On 1 July, the government took possession of many hotels. Six hundred members of the French Parliament (Appointed Members and Senators) would come to Vichy for the meeting of the Chambers. On 9 and 10 July, in the main auditorium of the Opera House, the members of Parliament voted for the end of the Third Republic. The republican system was abolished, and the French State, with Philippe Pétain at its helm as Head of State, replaced it. Only 80 of the 600 members of Parliament voiced their opposition.

Starting from this date, Vichy would be, for more than four years, the de facto capital of the French State. Paris was still the official capital. This government is often called the Vichy Regime. The term "Vichyste," which designates partisans of this regime, should not be confused with "Vichyssois" which designates the inhabitants of the city. The latter term is sometimes used erroneously to designate Pétain's supporters.

Reine des villes d'eaux

The 1950s and 1960s would become the most ostentatious period for Vichy, complete with parading personalities, visits from crowned heads (The Glaoui, the Pasha of Marrakech, Prince Rainier III of Monaco) and profits from a massive influx of North African French clients who holidayed in Vichy, spending lavishly. There were thirteen cinemas (which sometimes showed special previews), eight dance halls and three theatres. It was at this period that the station would take the title of "Reine des villes d'eaux" (Queen of the Spa Towns).

From June to September, so many French-Algerian tourists were arriving that it almost seemed like there was an airlift set up between Vichy-Charmeil and the airports of Algeria. Mayor Pierre Coulon (1950–1967) decided to create Lake Allier (10 June 1963) and Omnisports Park (1963–68), giving the city its current look.

Decline of Vichy

The war in Algeria, which led to decolonization, marked once again a halt in the prosperity of this city, which from then on had to deal with much less favorable conditions. The need to continue to pay the debts incurred by the considerable investments that had been made in more prosperous times obligated the new mayor, Jacques Lacarin (1967–1989), the successor of Pierre Coulon, to adopt a much more careful policy of management.

Modern revival

Claude Malhuret, former Minister of Human Rights, born in Strasbourg in 1950, has been mayor from 1989 to 2017. He and Bernard Kouchner are the co-founders of Doctors Without Borders (Médecins Sans Frontières). The City and its economic partners started and concluded an important program of restoration and modernization. These projects include:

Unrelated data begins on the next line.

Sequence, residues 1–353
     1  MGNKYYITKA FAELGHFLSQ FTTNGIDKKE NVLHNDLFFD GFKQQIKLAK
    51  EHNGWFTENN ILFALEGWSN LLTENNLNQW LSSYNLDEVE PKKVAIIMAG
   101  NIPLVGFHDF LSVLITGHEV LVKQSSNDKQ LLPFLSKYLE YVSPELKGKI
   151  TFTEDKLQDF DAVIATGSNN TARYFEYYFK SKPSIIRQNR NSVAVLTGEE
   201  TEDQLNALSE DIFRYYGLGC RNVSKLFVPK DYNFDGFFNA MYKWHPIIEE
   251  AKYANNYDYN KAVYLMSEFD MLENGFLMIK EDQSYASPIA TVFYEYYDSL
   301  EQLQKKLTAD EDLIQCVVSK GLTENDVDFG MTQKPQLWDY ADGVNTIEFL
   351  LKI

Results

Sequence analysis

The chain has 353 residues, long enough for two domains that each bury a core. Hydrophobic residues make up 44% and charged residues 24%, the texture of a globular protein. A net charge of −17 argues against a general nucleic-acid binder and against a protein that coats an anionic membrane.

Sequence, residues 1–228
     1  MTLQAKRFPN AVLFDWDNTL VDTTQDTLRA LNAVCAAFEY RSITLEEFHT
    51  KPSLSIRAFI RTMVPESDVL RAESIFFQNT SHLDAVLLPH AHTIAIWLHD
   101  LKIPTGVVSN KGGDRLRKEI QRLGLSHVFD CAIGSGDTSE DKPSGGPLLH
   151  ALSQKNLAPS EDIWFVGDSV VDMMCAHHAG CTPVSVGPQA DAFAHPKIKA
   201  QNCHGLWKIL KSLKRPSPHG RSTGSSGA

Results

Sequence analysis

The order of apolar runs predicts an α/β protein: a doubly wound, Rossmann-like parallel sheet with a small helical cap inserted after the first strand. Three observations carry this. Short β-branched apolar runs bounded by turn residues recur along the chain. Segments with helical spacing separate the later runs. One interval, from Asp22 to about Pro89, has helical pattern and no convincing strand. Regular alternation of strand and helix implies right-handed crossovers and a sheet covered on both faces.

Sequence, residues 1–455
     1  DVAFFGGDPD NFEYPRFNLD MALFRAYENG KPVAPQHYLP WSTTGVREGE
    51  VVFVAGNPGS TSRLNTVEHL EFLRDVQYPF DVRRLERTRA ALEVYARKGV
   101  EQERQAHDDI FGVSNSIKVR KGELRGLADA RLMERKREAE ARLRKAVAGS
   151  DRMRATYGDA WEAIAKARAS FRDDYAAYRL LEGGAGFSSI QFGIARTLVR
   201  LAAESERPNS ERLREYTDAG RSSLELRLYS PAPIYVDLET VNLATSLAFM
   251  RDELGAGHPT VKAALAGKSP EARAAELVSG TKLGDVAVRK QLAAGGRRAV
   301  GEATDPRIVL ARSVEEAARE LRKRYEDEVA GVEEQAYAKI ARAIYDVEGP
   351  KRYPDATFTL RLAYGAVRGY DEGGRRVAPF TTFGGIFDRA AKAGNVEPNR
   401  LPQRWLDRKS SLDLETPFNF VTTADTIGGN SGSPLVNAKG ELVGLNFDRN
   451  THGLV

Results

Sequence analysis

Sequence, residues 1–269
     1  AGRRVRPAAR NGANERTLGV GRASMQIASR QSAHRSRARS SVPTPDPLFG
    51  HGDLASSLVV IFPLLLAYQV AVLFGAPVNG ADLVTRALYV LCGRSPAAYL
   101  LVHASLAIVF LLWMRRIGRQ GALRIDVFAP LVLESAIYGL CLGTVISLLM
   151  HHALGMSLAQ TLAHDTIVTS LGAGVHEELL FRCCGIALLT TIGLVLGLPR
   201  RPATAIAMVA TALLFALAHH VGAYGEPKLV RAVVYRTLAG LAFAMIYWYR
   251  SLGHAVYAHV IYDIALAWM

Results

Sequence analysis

• creation of a vast pedestrian zone in the city centre,
  • a program of modernization,
  • upgrading of hotels to the sector standards,
  • rebuilding and restoration of the thermal baths,
  • organization of a balneotherapy center dedicated to well-being,
  • development of the architectural heritage,
  • construction of a congress center within the old Casino, and
  • restoration of the Opera.
  • rebuilding of the covered market, called "Grand Marché" (2006)
  • restoration of the train station and surroundings. (2009)
  • restoration of the "Rue de Paris", a main street in the city center. (2010)


List of Successive Mayors[11][12]
October 2017Frédéric Aguilera[1]LR
March 1989 to September 2017Claude MalhuretUMPPhysician
September 1967 to March 1989Jacques LacarinPhysician
August 1950 to August 1967Pierre CoulonIndustrialist
April 1949 to July 1950Pierre-Victor LégerPharmacist
May 1945 to April 1949Louis MoinardTrader
August 1944 to May 1945Jean BarbierDirector of College
May 1929 to August 1944Pierre-Victor LégerPharmacist
December 1919 to May 1929Louis LasteyrasJournalist
May 1912 to November 1919Armand BernardShareholder
May 1900 to May 1912Louis LasteyrasJournalist
21 May 1893 to 20 May 1900Ferdinand DebrestPharmacist
15 May 1892 to 21 May 1893Gabriel NicolasLawyer
June 1879 to May 1892Georges DurinLawyer
January to September 1878Alfred BulotLawyer
1876 to 1878Antoine JardetPhysician
1874 to 1876Ernest JaurandPhysician
1870 to 1874Antoine JardetPhysician
15 September 1865 to 9 September 1870Joseph BousquetLawyer
7 May 1860 to 15 September 1865Norbert LeroyNotary
7 May 1857 to 7 May 1860Antoine GuillermenHotel owner
20 August 1853 to 7 May 1860Victor NoyerSurgeon